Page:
I am new to kubernetes. I have an issue in the pods. When I run the command

 kubectl get pods


NAME                   READY     STATUS             RESTARTS   AGE
mysql-apim-db-1viwg    1/1       Running            1          20h
mysql-govdb-qioee      1/1       Running            1          20h
mysql-userdb-l8q8c     1/1       Running            0          20h
wso2am-default-813fy   0/1       ImagePullBackOff   0          20h

Due to an issue of "wso2am-default-813fy" node, I need to restart it. Any suggestion?


Usually in case of "ImagePullBackOff" it's retried after few seconds/minutes. In case you want to try again manually you can delete the old pod and recreate the pod. The one line command to delete and recreate the pod would be:

kubectl replace --force -f <yml_file_describing_pod>
  • 2
    You saved my day :) Thank you – Dilshani Subasinghe Oct 26 '16 at 11:01
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    If you have got replication set/controller managing this pod, a new pod should be automatically created after killing it. – Hem Jan 12 '18 at 18:22
  • ^^ absolutely. I'd be very worried if killing pod had it disappear for good. – Damien Roche Apr 1 '18 at 14:27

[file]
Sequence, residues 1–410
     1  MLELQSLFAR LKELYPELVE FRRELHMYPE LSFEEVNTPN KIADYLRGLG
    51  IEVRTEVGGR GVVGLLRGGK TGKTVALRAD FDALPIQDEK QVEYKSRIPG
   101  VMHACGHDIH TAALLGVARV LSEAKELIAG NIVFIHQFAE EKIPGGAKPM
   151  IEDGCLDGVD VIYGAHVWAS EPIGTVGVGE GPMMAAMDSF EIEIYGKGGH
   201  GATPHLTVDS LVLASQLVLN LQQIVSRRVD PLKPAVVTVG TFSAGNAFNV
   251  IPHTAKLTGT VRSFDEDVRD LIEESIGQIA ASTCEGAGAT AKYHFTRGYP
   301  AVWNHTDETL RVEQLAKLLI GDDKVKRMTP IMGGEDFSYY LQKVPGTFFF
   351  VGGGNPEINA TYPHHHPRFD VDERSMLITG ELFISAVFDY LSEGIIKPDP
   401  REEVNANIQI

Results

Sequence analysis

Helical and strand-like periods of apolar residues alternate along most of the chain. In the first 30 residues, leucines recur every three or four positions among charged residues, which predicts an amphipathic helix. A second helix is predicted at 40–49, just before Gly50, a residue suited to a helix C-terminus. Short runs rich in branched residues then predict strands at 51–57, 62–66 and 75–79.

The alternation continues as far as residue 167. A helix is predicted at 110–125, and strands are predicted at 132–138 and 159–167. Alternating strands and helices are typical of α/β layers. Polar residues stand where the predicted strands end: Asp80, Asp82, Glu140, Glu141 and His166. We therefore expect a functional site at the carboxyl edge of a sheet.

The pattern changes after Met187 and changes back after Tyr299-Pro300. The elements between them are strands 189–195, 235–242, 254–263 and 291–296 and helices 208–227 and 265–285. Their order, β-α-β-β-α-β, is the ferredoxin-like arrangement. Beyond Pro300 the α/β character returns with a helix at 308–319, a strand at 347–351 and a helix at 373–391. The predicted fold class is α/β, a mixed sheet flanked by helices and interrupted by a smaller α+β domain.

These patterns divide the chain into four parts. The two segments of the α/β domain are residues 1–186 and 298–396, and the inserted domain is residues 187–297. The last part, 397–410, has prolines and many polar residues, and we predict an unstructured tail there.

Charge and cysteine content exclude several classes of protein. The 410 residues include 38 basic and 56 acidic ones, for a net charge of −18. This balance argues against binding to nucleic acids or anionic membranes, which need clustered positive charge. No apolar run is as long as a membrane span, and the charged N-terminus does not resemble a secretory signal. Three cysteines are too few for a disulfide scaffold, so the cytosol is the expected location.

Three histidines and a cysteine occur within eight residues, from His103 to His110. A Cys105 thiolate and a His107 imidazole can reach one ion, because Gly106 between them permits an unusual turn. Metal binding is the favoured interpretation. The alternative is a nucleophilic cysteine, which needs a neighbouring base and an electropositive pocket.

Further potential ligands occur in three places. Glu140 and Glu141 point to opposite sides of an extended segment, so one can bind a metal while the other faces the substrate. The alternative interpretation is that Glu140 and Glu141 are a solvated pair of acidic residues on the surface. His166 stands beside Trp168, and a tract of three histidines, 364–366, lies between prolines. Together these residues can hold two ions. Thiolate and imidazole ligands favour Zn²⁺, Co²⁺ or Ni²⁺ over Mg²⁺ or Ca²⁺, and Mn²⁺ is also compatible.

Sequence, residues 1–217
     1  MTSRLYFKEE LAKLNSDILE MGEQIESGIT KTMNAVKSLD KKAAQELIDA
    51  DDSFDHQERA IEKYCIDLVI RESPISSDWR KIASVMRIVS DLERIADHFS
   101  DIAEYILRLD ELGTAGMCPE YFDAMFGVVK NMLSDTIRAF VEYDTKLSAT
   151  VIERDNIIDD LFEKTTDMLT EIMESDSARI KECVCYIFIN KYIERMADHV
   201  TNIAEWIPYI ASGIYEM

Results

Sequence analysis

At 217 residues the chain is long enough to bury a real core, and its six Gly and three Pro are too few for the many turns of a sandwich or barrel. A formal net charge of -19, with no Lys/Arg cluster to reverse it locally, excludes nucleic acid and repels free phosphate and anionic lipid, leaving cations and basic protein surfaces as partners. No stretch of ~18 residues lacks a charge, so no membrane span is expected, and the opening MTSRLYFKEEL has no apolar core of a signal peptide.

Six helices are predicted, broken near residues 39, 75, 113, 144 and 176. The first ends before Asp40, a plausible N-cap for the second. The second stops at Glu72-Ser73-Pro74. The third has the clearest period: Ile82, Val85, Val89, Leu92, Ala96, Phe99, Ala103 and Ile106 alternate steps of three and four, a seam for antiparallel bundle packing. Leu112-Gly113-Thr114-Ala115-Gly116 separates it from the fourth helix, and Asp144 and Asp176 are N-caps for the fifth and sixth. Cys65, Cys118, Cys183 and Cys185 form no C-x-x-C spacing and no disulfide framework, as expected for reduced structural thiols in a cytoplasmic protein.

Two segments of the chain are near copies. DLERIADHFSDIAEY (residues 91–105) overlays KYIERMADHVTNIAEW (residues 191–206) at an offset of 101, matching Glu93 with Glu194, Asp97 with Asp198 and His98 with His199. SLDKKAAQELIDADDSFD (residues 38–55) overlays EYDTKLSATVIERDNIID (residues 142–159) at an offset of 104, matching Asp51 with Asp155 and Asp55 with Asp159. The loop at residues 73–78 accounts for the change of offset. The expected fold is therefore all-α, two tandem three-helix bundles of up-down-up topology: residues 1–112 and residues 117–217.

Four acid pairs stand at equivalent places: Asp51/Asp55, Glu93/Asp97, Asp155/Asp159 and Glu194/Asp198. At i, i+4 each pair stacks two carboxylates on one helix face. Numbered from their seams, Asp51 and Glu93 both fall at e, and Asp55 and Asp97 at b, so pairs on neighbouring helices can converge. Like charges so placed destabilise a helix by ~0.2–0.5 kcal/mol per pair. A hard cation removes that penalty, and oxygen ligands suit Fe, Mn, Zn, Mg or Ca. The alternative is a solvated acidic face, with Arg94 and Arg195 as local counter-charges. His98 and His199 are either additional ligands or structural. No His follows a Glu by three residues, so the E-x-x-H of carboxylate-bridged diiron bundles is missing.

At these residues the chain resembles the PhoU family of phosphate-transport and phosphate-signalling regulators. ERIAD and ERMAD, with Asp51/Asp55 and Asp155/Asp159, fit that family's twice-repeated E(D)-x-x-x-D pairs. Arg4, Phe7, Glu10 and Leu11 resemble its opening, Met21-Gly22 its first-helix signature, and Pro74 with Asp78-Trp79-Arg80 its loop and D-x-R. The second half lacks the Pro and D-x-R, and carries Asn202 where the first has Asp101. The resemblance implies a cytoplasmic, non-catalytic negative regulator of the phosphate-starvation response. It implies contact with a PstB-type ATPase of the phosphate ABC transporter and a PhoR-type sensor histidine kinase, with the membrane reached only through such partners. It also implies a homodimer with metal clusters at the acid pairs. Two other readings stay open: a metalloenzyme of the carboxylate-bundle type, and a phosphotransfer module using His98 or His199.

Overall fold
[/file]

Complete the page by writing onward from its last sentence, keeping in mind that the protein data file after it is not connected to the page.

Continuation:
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    I believe kubectl replace --force -f ... would be equivalent to delete followed by create – Oliver Apr 11 '18 at 22:29
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    If your pod created via Deployment, then just delete a pod - a new one will be created automatically – Illidan Jul 26 '18 at 12:56

In case of not having the yaml file:

kubectl get pod PODNAME -n NAMESPACE -o yaml | kubectl replace --force -f -

  • Thats soo convinient. Thanks! – Jarema Jan 15 at 8:40
$ kubectl replace --force -f <resource-file>

if all goes well, you should see something like:

<resource-type> <resource-name> deleted
<resource-type> <resource-name> replaced

details of this can be found in the Kubernetes documentation, "manage-deployment" and kubectl-cheatsheet pages at the time of writing.

  • How do I know what the resource file for the pod should look like? I saw the ./pod.json file but the link doesnt mention any template or similar – Dominique Paul Jan 3 at 7:56

If the Pod is part of a Deployment or Service, deleting it will restart the Pod and, potentially, place it onto another node:

$ kubectl delete po $POD_NAME

replace it if it's an individual Pod:

$ kubectl get po -n $namespace $POD_NAME -o yaml | kubectl replace -f -


First try to see what's wrong with the pod:

kubectl logs -p <your_pod>

In my case it was a problem with the YAML file.

So, I needed to correct the configuration file and replace it:

kubectl replace --force -f <yml_file_describing_pod>

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